According to trauma therapist Susanne Dillmann, "We may avoid situations or people that remind us of the trauma. We may be emotionally numb, depressed, or anxious. Sometimes, people turn to drugs to numb feelings of terror that last for weeks, months, and in some cases, years after a trauma. If you experience such feelings, thoughts, or behaviors after a trauma, know that such experiences are very human and nothing to be ashamed of. Through the assistance of a trained professional, one can heal from the consequences of a trauma."
This is a clip from an educational DVD, Making Peace With Chronic PTSD: Marla's Story. It takes a fascinating look into chronic PTSD with trauma expert, Frank Ochberg MD, once the Associate Director for the National Institute of Mental Health (NIMH), and Dr. Marla Handy, a former university lecturer with a difficult history of chronic PTSD as a result of childhood abuse and sexual trauma. This DVD is being used for counseling education, and by clinicians, social workers, educators, and trauma survivors. You can buy the full DVD from Gift From Within, a nonprofit organization for survivors of trauma and victimization. Video is copyright Gift From Within and is used by special permission for GoodTherapy.org from Gift From Within.
Ricky, 24, has recently returned from Iraq where he saw combat. He says he was doing fine until last week, when a robbery occurred in a local store while he was there. Suddenly, memories of combat flooded his senses, and he was paralyzed by them. Now he has nightmares about Iraq, but images of home get “mixed up in there.” Not only does Ricky feel overwhelmed and anxious about these flashbacks, he feels guilty for surviving while two of his friends did not, and guilty for not stopping the robbery at home. Talking about his feelings helps somewhat; focusing on ways to stay safe helps as well. Ricky’s guilt is addressed by exploring the choices Ricky has made and their motivations. Ricky’s beliefs about what it means to be a man, and his high expectations of himself are also explored. The therapist helps Ricky make peace with his own mortality, and teaches Ricky relaxation skills. Ricky asks for a psychiatric referral, and takes anti-anxiety medications to sleep a few times a week. He is also referred to a support group. A year after his first visit, he is no longer taking medications, and is feeling more hopeful, though he still struggles at times with intense grief about the war.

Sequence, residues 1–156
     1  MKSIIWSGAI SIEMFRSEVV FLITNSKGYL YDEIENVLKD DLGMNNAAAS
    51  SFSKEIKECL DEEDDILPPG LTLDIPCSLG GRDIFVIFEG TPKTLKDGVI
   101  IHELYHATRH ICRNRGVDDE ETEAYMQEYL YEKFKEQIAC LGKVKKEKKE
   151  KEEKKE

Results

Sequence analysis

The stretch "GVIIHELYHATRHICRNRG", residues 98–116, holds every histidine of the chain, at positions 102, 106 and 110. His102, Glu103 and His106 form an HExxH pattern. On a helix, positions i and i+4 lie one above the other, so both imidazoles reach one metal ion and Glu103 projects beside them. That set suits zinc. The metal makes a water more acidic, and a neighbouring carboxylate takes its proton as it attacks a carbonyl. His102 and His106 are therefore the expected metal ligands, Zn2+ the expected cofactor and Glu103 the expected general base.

Patricia, 39, is a highly anxious person. A full history reveals severe abuse as a child, which Patricia is reluctant to revisit. The therapist allows several sessions to go by before bringing it up again, and when she does, Patricia becomes very upset and angry. Patricia finally agrees that her reaction indicates the abuse is still “dogging” her, and she agrees to a referral for EMDR. The EMDR process helps her being a real recovery from the abuse, and her anxiety diminishes considerably.
If you are a writer or blogger who has had personal experience with posttraumatic stress, please consider sharing your story with other GoodTherapy.org readers through Share Your Story. If your story is accepted, it will be published alongside other thoughtful and inspirational mental health stories on The Good Therapy Blog.
Last updated: 02-05-2014
Post Traumatic Stress / Trauma Articles